SAN DIEGO (AP) -- The San Diego Padres still don't have a no-hitter after 5,919 games over 38 seasons.
Chris Young was the latest to try, taking a no-hitter into the eighth inning before giving up a leadoff double to Brad Hawpe. That was the only hit he allowed in eight innings as he led the Padres to a 2-0 victory over the Colorado Rockies on Tuesday night.
Hawpe doubled down the right-field line on Young's first pitch of the eighth, his 99th of the night. Young (4-3) received an ovation from the crowd of 23,698.
"Really, I tried not to focus on it," Young said of flirting with a no-hitter. "Obviously it was in the back of my mind. More importantly, I wanted to preserve the lead and make sure that we win the ballgame. I'd give up 15 hits to get a win."
The only hit he gave up came on a first-pitch slider.
"Brad Hawpe's a great hitter," Young said. "He's actually a buddy of mine. We grew up playing together back in Texas. They've got a great lineup. You don't want to get wrapped up thinking about a no-hitter with an offensive team like that. They're too good."
Young said he and Hawpe played together in a summer league and against each other in high school.
Hawpe said he wasn't thinking about the no-hitter, either.
"I was thinking about getting on since we were only down by two," Hawpe said. "It was the only good pitch I saw from him all night. He wasn't overpowering. But he threw four pitches well."
Said losing pitcher Aaron Cook: "Tip your hat to Chris Young. He kept us off-balance all night."
And, Cook added: "He's huge."
The 6-foot-10 Young matched his career high with eight strikeouts.
It was the 11th time a Padres pitcher took a no-hitter into the eighth inning.
Padres manager Bruce Bochy said he was disappointed when Hawpe's hit fell in.
"We were hoping he could get it done," Bochy said. "It's tough. It's so hard to throw a no-hitter. That one just stayed up and stayed in the zone and it was what, fair by five feet? But the important thing there is he settled down. A lot of times you have a letdown. You're so caught up in the moment and you give up that hit. But he settled down and kept that run from scoring."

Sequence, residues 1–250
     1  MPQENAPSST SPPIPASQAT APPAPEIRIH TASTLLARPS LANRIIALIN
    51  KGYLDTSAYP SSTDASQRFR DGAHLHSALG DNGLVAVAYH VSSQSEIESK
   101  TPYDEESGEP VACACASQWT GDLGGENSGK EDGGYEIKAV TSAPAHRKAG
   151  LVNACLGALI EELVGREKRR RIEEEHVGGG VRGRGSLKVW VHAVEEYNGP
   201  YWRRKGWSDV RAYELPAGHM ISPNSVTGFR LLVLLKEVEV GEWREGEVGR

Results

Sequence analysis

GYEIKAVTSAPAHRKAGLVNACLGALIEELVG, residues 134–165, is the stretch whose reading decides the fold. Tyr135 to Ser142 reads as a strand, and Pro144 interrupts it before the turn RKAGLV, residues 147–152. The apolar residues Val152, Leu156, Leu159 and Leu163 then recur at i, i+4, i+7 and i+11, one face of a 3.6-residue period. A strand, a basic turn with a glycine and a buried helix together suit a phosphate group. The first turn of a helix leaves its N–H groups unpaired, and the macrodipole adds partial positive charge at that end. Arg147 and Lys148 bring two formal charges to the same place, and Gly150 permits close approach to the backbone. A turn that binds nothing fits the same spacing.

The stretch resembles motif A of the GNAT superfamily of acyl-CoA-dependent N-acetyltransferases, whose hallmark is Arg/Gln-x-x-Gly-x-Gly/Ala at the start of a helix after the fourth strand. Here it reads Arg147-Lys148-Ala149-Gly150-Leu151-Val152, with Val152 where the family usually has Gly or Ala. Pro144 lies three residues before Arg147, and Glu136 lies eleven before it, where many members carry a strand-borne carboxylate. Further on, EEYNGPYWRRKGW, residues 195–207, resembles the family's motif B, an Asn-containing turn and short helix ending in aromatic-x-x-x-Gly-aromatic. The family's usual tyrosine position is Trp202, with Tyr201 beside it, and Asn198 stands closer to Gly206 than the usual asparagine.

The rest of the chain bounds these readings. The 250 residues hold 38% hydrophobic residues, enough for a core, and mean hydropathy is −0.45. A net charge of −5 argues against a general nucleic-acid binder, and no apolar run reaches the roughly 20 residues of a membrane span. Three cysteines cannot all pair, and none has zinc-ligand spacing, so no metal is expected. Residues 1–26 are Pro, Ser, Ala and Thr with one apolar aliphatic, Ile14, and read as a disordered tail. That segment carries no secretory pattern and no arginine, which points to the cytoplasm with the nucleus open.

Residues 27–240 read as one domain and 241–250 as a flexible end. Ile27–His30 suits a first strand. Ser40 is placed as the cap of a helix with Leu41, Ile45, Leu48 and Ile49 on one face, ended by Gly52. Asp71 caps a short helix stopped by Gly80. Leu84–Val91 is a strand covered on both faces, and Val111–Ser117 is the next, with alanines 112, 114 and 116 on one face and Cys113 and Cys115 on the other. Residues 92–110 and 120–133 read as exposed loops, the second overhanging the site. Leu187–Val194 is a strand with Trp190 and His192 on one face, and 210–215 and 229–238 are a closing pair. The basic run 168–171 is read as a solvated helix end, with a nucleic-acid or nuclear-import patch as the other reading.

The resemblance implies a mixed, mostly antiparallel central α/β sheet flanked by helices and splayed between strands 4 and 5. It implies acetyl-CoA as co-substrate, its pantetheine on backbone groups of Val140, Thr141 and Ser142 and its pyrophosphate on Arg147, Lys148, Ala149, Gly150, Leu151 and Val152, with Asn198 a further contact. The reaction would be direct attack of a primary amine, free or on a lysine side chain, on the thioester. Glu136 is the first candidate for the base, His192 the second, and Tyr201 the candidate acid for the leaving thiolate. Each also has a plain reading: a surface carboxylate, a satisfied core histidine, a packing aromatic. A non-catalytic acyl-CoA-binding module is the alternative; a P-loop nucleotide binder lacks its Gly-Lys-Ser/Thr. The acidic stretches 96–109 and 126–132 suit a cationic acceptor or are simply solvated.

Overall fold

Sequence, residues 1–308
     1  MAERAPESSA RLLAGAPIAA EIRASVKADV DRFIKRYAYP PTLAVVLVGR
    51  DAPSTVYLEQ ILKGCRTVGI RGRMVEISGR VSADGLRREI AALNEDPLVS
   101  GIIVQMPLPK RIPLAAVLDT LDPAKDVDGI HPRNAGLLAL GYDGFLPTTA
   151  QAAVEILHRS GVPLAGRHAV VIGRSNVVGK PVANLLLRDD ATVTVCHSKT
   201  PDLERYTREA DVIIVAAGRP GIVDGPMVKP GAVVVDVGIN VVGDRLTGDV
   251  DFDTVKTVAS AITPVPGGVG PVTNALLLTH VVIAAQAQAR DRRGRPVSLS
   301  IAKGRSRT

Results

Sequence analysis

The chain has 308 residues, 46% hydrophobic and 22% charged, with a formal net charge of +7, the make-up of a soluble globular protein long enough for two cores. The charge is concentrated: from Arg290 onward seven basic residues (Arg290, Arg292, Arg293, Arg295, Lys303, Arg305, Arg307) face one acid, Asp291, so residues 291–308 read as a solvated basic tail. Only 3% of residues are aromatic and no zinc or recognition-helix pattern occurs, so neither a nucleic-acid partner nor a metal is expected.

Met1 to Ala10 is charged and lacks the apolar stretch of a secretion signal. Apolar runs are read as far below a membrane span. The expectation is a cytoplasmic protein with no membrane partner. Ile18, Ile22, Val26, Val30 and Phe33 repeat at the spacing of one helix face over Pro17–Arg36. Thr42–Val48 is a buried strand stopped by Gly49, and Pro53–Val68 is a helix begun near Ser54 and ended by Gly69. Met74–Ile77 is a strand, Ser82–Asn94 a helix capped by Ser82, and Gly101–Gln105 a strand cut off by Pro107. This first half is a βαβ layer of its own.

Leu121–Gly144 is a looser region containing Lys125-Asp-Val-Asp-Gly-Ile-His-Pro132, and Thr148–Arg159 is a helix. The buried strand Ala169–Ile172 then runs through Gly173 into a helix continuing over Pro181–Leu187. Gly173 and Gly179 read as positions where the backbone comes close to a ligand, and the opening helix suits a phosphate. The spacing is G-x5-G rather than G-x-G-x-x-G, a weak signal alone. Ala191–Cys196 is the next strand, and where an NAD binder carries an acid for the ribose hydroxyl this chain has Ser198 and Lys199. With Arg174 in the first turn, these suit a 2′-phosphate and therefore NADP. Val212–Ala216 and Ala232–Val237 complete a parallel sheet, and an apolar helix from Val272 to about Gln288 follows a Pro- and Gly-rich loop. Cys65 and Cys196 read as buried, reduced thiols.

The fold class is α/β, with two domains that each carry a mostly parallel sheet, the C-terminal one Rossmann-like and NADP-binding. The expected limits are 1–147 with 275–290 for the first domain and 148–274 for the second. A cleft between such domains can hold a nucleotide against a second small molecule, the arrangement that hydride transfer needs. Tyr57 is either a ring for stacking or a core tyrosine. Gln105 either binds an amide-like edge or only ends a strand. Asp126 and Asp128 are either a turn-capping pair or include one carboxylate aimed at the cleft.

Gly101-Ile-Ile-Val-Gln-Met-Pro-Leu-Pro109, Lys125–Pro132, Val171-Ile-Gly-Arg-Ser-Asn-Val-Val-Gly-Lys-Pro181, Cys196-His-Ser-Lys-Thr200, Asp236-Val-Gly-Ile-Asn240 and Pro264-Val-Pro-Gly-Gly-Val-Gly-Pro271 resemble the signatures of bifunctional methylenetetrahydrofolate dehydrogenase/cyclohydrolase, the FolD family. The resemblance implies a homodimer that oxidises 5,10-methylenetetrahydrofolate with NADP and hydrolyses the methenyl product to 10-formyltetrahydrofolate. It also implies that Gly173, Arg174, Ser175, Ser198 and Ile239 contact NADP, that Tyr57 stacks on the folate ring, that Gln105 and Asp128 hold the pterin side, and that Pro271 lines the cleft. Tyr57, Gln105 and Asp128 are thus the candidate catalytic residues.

Before Hawpe's hit, the closest the Rockies came to getting a hit was when Todd Helton drove a ball into the gap in left-center that center fielder Mike Cameron caught about a foot from the fence for the first out of the seventh.
Cameron ran into the fence but held on to the ball. Young watched the play, then exhaled.
"At that particular time it was a good play because you just don't want to give Matt Holliday an opportunity to come up there, the way he's been swinging the bat right now, with some people on base," Cameron said. "The game was still tight. We've got to make plays behind these guys."
"That gets pretty intense there when you're getting that deep in the game and you haven't given up a hit. But what a terrific job he did," Bochy said.
Young had command of all four of his pitches, throwing them when and where he wanted.
"It just happened to be one of those nights where even when I made mistakes, they either fouled them off or even like Mike Cameron making an unbelievable defensive play," Young said. "It was just one of those nights that things went my way."
Trevor Hoffman came on and finished the combined two-hitter. He allowed a single to Helton before getting his 10th save in 10 chances.
The Rockies had won the previous four games between the teams at Petco Park this year, outscoring the Padres 37-12 and hitting 11 homers.
Colorado didn't have a chance against Young, who was obtained in a six-player trade with Texas on Jan. 4. The right-hander retired the first 11 batters before walking Helton and Holliday. Garrett Atkins flied out to right to end that threat, and Young retired the next nine batters before Hawpe's hit.
Young was coming off his shortest outing this season, when he lasted three innings in a 10-6 loss to the Atlanta Braves. He had only one win in his previous seven starts and had gone seven innings only twice this year.
Cook (5-5) allowed two runs and 10 hits in seven innings, struck out three and walked none.
"It was a funny game," Colorado manager Clint Hurdle said. "We were never in it but we were never out of it."
San Diego remains one of four big league teams without a no-hitter. The others are Colorado, the New York Mets and the Tampa Bay Devil Rays. ... The last Padre to take a no-hitter into the eighth inning was Adam Eaton on July 3, 2004, against Kansas City. He was included in the trade for Young. ... Hoffman has 446 career saves, 32 behind all-time leader Lee Smith.